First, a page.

United States District Court, E.D. Wisconsin
STADTMUELLER U.S. DISTRICT JUDGE.
February 22, 2018, Plaintiff filed an expedited motion under
Civil Local Rule 7(h), seeking to compel responses to certain
of her discovery requests from the “Milwaukee County
Defendants.” (Docket #49). These appear to include
Defendants Milwaukee County, David A. Clarke, Jr., Officer
Brian Wenzel, Carolyn Exum, Morgan Benevue, and Margaret
Hoover (“Defendants”). See (Docket #49-1
at 1). In order to address Plaintiff's motion
expeditiously, the Court assumes familiarity with the facts
and claims in this case.
first complaint is that Defendants are withholding a roster
of other inmates who would have been in the infirmary the
night of her childbirth. Defendants respond that they have
since provided the roster in a supplemental discovery
response. The issue is now moot and Plaintiff's motion
will be denied on this point.
second concern is with the production of documents regarding
the administration of medical care at the Milwaukee County
Jail (the “Jail”). She says that the broad swathe
of documents she seeks is necessary to support her
Monell claim that the Milwaukee County (the
“County”) and Armor Correctional Health Services
(“Armor”) decisionmakers were deliberately
indifferent to the harmful consequences of their healthcare
policies. Defendants counter that her requests are too broad,
as her Monell claim must be linked to the specific
injury she suffered-namely, lack of medical care during
childbirth. To support a Monell claim, Plaintiff
must show that the challenged policies (or lack thereof) were
the “moving force” behind her individual injury.
Dixon v. Cnty. of Cook, 819 F.3d 343, 348 (7th Cir.
issue is far more impactful than the parties' briefing
suggests, and their disagreement rests on their differing
understandings of the Monell claim. From
Plaintiff's perspective, her Monell claim
broadly alleges that the County and Armor were deliberately
indifferent to repeated instances of a complete lack of
medical care for inmates at the Jail. (Docket #1 at 8-12).
The claim is pleaded with little connection to childbirth in
particular. Indeed, only one of the ten instances of lack of
care mentioned in the complaint concerns childbirth. See
Id. Thus, while the facts of Plaintiff's individual
claim do indeed relate to childbirth, the Monell
claim appears to be directed at Defendants' overarching
policy of ignoring inmates in need of care. Viewed in this
way, her document requests, though expansive, are proper, as
the documents could evidence a policy of totally failing to
provide care to inmates, which could, in turn, have been the
moving force behind her deficient care.
take a narrower view of the Monell claim. They
appear to believe that because Plaintiff's individual
claim is about childbirth, the Monell claim should
be limited to that topic. See, e.g., (Docket #51 at
3) (the relevant discovery request “is not limited by
gender or medical issue. It does not relate to maternity or
expressing any view as to the soundness of either party's
interpretation of the Monell claim, in the context
of the present motion the Court is obliged to side with
Plaintiff. Defendants have not sought to dismiss the claim on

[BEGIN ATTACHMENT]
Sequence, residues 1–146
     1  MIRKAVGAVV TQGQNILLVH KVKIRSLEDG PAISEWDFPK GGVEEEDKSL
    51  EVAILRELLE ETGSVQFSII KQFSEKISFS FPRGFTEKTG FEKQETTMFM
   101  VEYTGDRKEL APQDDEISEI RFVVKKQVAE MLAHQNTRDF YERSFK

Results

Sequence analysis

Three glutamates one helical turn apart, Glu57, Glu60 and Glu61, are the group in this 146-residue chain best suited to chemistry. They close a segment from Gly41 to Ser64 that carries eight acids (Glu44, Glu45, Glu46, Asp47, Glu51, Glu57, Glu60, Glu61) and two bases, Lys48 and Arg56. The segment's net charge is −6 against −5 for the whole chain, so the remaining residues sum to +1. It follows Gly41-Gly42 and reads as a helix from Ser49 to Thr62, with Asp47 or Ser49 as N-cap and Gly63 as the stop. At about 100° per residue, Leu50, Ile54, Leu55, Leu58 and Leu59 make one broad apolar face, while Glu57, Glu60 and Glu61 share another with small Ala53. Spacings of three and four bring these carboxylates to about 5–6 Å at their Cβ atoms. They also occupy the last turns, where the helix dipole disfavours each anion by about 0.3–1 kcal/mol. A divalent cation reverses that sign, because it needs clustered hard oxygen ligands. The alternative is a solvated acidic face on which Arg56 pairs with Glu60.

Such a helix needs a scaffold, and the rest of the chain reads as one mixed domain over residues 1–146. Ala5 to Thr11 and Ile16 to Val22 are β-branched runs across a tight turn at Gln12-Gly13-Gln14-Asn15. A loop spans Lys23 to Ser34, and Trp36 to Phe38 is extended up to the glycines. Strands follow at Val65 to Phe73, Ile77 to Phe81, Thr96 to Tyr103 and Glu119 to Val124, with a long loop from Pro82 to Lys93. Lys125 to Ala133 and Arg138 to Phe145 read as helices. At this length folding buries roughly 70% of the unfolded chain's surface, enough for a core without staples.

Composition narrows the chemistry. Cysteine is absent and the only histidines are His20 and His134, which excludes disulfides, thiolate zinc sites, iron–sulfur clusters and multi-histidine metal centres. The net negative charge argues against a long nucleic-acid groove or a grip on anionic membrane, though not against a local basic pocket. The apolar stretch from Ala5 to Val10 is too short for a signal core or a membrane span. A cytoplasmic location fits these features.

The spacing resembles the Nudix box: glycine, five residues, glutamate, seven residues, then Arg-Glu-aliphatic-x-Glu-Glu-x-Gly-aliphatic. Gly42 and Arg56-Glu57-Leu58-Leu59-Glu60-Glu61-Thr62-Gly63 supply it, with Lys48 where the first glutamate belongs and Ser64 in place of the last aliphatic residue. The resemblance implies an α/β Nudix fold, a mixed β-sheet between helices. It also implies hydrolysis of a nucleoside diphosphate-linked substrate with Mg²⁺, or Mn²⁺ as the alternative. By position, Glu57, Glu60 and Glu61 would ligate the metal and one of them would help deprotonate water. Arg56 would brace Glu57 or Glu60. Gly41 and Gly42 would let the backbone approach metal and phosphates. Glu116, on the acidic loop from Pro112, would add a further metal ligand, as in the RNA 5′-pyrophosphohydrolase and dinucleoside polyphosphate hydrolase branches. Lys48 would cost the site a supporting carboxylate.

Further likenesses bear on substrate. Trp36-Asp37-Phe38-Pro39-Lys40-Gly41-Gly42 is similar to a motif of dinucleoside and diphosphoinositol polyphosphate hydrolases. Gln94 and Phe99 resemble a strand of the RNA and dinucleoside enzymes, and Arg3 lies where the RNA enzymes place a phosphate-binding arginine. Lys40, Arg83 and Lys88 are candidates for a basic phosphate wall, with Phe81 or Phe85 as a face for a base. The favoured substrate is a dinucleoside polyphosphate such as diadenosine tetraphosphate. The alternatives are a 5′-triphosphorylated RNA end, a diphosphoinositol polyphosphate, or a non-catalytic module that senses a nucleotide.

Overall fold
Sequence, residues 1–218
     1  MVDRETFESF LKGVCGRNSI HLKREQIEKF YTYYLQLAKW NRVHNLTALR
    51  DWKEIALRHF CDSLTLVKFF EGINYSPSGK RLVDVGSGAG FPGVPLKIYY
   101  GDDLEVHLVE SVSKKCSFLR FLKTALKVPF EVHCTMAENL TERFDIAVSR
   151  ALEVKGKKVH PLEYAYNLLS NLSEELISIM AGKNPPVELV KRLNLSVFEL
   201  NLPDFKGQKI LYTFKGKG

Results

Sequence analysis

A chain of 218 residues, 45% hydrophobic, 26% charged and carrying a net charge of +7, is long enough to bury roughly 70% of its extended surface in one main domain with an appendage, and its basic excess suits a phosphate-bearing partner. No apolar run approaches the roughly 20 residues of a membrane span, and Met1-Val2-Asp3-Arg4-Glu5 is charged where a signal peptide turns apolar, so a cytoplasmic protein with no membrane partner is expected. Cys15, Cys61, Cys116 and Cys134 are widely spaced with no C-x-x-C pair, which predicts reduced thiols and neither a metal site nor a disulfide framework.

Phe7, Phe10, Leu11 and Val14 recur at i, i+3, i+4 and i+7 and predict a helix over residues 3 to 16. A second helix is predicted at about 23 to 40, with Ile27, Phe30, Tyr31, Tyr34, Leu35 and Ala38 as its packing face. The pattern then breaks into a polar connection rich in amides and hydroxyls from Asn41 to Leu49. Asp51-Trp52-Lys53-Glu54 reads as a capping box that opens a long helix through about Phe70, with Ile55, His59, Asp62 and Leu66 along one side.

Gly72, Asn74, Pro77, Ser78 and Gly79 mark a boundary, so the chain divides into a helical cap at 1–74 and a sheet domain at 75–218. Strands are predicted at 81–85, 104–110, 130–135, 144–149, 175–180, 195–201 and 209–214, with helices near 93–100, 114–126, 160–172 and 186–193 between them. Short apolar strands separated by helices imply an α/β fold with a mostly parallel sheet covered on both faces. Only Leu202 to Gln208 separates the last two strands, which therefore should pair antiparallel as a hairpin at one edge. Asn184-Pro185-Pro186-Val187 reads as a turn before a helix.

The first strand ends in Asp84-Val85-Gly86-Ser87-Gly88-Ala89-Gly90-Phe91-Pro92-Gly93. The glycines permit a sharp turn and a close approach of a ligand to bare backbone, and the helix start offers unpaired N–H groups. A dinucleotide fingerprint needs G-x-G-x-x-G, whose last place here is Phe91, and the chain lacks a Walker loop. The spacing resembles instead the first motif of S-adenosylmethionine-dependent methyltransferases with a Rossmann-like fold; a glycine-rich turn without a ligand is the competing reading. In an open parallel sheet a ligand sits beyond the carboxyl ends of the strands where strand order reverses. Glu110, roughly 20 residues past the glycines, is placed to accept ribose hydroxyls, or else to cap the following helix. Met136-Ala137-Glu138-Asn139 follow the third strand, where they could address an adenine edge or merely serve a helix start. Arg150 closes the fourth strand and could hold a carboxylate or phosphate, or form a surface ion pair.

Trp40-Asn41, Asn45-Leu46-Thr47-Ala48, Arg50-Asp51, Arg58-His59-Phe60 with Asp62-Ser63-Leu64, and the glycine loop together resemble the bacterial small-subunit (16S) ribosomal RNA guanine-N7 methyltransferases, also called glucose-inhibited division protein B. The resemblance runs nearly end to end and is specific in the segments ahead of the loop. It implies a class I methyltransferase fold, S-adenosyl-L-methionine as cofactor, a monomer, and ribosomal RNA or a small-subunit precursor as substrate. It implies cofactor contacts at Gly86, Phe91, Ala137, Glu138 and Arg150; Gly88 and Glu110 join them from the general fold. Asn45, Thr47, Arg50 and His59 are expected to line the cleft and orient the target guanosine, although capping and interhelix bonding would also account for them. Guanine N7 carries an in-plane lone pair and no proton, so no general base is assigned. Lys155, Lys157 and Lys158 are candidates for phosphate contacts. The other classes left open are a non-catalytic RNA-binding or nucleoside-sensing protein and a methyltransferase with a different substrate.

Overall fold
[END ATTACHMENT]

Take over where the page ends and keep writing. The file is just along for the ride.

the ground that it is overbroad or untethered from
Plaintiff's individual injury. To rule in their favor
here would accomplish precisely that, for without
wide-ranging discovery on the lack of medical care at the
Jail, summary judgment against Plaintiff on her
Monell claim is a foregone conclusion. The scope of
discovery is tied to the state of the pleadings. See
Fed. R. Civ. P. 26(b)(1) (discovery may be had on any matter
“relevant to any party's claim or defense”).
While Plaintiff's Monell claim remains in its
current form, she is entitled to take discovery as to the
full scope of the claim. The Court is sensitive to what will
likely be an enormous document production on Defendants'
part, but if they wish to avoid litigating the full breadth
of Plaintiff's Monell claim, their only path is
through a dispositive motion.
final contention is that Defendants have refused to
appropriately identify the final policymaker responsible for
various discrete aspects of medical care at the Jail.
See (Docket #49-2 at 8-9). Plaintiff explains that
she needs to know who these people are in order to prove that
they had notice of the failure of their medical care
policies. Defendants respond that it would be inaccurate, and
indeed untruthful, for them to point to a single person as
responsible for any of these areas, because
"[responsibility is shared and often subject to legal
interpretation and dispute." (Docket #51 at 4).
Court disagrees. Contention interrogatories such as this are
perfectly acceptable. See Zenith Elec. Corp. v. WH-TV
Broad. Corp., 395 F.3d 416, 420 (7th Cir. 2005).
Further, logic dictates that someone in the Jail
hierarchy must be ultimately responsible for the policies in
the areas Plaintiff has identified. Whether that causes
consternation and finger-pointing amongst the defendants in
this case is beside the point. Plaintiff is entitled to know
who, in Defendants' opinion, was the final decisionmaker
in the areas specified. Plaintiff's motion will be
granted on this issue.
IT IS ORDERED that Plaintiff's expedited
motion to compel discovery responses (Docket #49) be and the
same is hereby GRANTED in part and DENIED ...